Jackbox Party Pack 8 is a solid take on the fantastic formula

The Jackbox Party Packs are a social godsend; these collections of simple, dynamic minigames have been a bastion throughout the pandemic. Only one person needs to own the pack, and then they can host a Discord call or Twitch stream and get everyone in on the fun via a web browser. The newest entry, The Jackbox Party Pack 8, is a solid new contender in the series, with no games that feel like filler.

Some of these packs are mean, and delight in pitting you against your friends in a bizarre competition. Others are pretty chill, and can be safely dispatched to entertain family during the holidays or to break the ice with acquaintances. The games in 8 all feel a little more focused on delivering a specific experience, and the developer’s gotten better at crafting their little quirks.

Drawful Animate

Drawful is great, and one of the best games from previous Packs. Drawful Animate is better. It’s like a feral game of Pictionary, where players are given absurd captions and limited tools to draw them. This is not an artistic endeavor; in fact, the worse you do, the funnier things get. Drawful Animate spices things up further by giving people two drawings to complete, which then loop together to create a basic animation.

This isn’t a huge change, but it’s a novel one, and it also comes with some fun tools like episodes. You can write your own wild phrases, or fill in your friends’ names so Drawful Animate can pull them up as the subject matter of a round. It’s a nice tool to stack on top of the base game, and players can avoid burning through all the prompts by adding their own. Drawful Animate is the headliner of this pack, and it’s a lot of fun — as long as you were already on board with Drawful vanilla.

Job Job

Job Job was my surprise favorite from this pack, and it’s especially great for those who love absurd humor. In Job Job, everyone answers small-talk questions. Those answers are then fed to the other players, who have to use their refrigerator magnet skills to piece together a cohesive answer. This is a quick and funny one that is group agnostic; I’d feel equally comfortable busting this one out with friends as I would with my family on Christmas Eve. Also, the fact that everything in the Job Job universe has googly eyes is deeply concerning and hilarious, which cancels out the inherent soul-draining despair of a job search.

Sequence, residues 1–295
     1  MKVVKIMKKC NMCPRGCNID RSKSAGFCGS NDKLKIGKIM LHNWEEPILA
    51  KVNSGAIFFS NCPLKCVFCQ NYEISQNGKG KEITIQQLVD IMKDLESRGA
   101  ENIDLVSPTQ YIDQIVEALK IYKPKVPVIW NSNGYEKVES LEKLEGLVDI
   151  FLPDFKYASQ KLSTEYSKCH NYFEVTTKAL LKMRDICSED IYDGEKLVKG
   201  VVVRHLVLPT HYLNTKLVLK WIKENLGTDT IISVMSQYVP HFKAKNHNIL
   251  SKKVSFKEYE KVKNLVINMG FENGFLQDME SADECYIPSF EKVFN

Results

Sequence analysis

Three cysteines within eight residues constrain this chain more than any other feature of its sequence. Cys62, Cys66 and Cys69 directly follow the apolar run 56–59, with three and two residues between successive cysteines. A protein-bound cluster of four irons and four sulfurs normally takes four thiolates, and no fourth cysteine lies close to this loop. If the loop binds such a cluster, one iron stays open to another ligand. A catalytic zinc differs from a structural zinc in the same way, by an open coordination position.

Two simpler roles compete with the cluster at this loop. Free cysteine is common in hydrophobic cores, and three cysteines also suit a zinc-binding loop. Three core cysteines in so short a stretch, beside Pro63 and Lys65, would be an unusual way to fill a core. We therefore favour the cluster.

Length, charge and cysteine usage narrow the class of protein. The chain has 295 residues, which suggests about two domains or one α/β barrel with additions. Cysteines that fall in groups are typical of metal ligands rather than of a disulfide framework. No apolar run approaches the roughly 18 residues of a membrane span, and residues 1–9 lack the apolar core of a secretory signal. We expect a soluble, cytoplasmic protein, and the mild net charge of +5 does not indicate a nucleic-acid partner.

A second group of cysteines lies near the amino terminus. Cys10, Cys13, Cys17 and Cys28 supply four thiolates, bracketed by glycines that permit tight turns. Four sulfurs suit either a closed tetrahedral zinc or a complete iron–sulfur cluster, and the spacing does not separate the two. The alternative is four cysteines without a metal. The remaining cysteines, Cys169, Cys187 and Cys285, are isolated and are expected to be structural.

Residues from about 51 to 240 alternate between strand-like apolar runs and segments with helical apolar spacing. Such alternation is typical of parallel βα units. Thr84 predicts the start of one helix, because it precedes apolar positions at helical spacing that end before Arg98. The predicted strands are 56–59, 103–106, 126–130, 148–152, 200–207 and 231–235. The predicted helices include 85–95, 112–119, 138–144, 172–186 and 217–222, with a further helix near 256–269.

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The Poll Mine

The Poll Mine is a super charming survey game. Players have to rank their choices to a difficult question — which of these terrible options can you best endure? Then, everyone has to guess how their friends answered. The nature of this game means it’s probably best with a pre-existing group who have some familiarity with each other. But for fans of the previous Party Pack Games that focus on interpersonal dynamics, like Party Pack 6’s Role Models, this will be a treat.

Image: Jackbox Games

The Wheel of Enormous Proportions

The Wheel of Enormous Proportions is a simple roulette wheel, with one catch. If you want the wheel to favor you, you can win bigger slices of it by answering rapid-fire trivia questions. The game might give you a huge chunk of John Travolta’s filmography, then ask you which movies had him dancing. Knock it out of the park, and when you approach the wheel, your victories grant you some random slots of the wheel, increasing your chance of landing on a win for you. The only real downside to this minigame is that the Wheel itself is — and there’s no better way to say this — horny on main. The game’s conceit is that you are playing travelers trying to have your unique question answered by the titular Wheel. The Wheel is… a little too into helping you ascend to its spiritual heights. That’s not necessarily a bad thing, but it is a slight distraction.

Weapons Drawn

Weapons Drawn is probably the most cerebral game in the pack. Everyone is both a murderer and a detective — the goal is to hide your own murders while uncovering the others. The game takes a letter of your name, and gives it to you as a calling card. Then, you have to draw a weapon around that calling card in order to disguise it. The ‘A’ in Cass can become the faucet in a clawfoot tub, or the ‘C’ can make the handy edge of a mace.

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With Jackbox Party Pack 8, Jackbox Games have further refined their process, making all of these games pretty dang fun. Their experience is also reflected in nice quality of life features, like a menu that allows me to adjust volume and tick on extended timers just once instead of having to manually check the menu of each minigame. It’s a small improvement, but a welcome one.

No single one of these games are worth the cost alone — there are Party Packs that I own as a Tee K.O. or Quiplash machine, and none of the games in this Pack have that same stickiness and ease to pick up for me. But there are no stinkers, either — everything here is something I’d feel comfortable recommending to a friend or bringing out at a gathering. That’s a valuable resource, and I figure wherever I go, at least I can liven it up with some Job Job.

The Jackbox Party Pack 8 will be released Oct. 14 on major digital platforms. The game was reviewed using a pre-release download code provided by Turtle Rock Studios. The Madison Leader Gazette has affiliate partnerships. These do not influence editorial content, though The Madison Leader Gazette may earn commissions for products purchased via affiliate links. You can find additional information about The Madison Leader Gazette’s ethics policy here.

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